Dwarf epauletted fruit bat facts: Dwarf epauletted fruit bats are relatively small. Their head and body length is approximately 2.6 to 3.7 inches (6.7 to 9.5 centimeters). Males are larger than females. While the tail length varies among individual bats, it is never long, ranging from not having a tail to 0.2 inches (0.4 centimeters). Fur is typically a light brown with a paler color on the underside. The hair is moderately long, thick, and soft. At the base of the ear are small whitish tufts of hair and males have pouches in their shoulder with tufts of white hair.
Geographic range: Dwarf epauletted fruit bats are found in western, southwestern, and central Africa.
Habitat: These bats live in open woodlands and on the edges of forests. Dwarf epauletted bats have also been found between the leaves of dense bushes, usually close to the ground.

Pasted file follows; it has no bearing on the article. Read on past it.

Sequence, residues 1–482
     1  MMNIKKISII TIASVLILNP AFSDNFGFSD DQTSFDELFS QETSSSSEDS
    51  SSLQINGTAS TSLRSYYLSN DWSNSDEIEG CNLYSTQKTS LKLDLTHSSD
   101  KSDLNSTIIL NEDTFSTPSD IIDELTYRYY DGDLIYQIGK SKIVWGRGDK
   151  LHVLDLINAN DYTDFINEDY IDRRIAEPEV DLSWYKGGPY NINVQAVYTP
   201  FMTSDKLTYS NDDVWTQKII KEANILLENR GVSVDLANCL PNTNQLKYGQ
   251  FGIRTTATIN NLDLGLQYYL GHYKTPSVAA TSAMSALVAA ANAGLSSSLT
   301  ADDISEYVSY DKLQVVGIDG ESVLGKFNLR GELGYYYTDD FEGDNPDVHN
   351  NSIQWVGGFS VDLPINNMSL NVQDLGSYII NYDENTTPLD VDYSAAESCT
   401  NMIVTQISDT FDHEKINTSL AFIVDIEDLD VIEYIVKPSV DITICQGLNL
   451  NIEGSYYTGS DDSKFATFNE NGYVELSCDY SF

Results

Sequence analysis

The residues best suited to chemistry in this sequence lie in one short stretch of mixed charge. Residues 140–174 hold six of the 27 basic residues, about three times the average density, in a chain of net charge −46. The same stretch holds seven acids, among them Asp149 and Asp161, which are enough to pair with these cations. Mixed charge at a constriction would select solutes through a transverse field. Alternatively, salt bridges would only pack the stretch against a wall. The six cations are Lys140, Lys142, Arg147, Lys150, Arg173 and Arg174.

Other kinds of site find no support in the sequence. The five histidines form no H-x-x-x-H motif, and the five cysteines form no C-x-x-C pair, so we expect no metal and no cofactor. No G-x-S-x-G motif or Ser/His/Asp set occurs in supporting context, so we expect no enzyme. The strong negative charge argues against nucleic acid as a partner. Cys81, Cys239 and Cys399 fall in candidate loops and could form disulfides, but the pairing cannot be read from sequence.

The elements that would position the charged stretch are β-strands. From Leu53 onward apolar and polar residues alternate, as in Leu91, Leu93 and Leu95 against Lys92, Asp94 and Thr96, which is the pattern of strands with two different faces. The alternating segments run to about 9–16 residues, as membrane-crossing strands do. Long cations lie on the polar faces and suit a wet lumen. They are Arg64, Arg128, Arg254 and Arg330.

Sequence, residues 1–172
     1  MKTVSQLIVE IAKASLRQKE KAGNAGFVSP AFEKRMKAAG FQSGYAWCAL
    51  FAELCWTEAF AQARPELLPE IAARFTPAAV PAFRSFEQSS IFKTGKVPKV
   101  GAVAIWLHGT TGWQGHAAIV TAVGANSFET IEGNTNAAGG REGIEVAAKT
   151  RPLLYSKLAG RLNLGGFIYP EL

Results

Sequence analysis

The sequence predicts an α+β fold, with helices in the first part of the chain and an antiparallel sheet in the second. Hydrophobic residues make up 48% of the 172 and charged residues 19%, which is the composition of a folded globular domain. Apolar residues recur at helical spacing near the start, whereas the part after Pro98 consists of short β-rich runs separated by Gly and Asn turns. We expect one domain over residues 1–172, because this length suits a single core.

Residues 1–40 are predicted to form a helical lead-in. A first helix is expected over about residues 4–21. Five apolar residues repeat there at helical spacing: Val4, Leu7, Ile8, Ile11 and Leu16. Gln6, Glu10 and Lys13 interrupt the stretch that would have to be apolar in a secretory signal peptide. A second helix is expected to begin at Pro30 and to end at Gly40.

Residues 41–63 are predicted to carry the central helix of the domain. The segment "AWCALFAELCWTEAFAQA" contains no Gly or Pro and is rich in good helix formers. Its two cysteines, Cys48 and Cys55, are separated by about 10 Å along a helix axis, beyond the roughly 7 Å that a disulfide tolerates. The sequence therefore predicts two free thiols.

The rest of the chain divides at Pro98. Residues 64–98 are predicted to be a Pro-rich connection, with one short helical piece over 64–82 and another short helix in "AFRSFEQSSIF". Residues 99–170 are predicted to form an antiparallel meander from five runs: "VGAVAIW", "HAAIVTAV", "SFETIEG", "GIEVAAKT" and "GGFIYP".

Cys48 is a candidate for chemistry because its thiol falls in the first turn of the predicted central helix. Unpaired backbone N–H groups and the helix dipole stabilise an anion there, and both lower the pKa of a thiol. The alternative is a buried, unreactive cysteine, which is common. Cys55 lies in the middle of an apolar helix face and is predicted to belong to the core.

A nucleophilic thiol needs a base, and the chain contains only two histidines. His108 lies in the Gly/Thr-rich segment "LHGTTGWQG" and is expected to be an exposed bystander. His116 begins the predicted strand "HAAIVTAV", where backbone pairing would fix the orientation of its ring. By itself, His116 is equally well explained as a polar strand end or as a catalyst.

Dwarf epauletted fruit bat diet: Dwarf epauletted bats feed on small fruits, nectar, and pollen. When eating the fruits, these bats place their mouths around the ripe fruit and slowly suck its juices. They then drop the uneaten fruit pulp when they are finished.
Behavior and reproduction: Little is known about the dwarf epauletted bat’s behavior and mating behavior. Dwarf epauletted bats are independent, typically roosting alone, with one other bat, or in small groups of up to ten. These bats move about frequently and do not have a regular roosting spots or feeding areas. These bats may eat two and a half times their body weight in a single night. It digests quickly and disperses, spreads, large quantities of seeds as it flies between feeding sites.
These bats are polygamous (puh-LIH-guh-mus), having more than one mate. There are two breeding seasons. Studies in the Ivory Coast indicate that births peaks from about March to May and from September to November. The gestation period is five to six months. Young females can mate at six months and give birth at twelve months.
Dwarf epauletted fruit bats and people: There is no known relationship between dwarf epauletted bats and people.
Conservation status: Dwarf epauletted bats are not listed as threatened.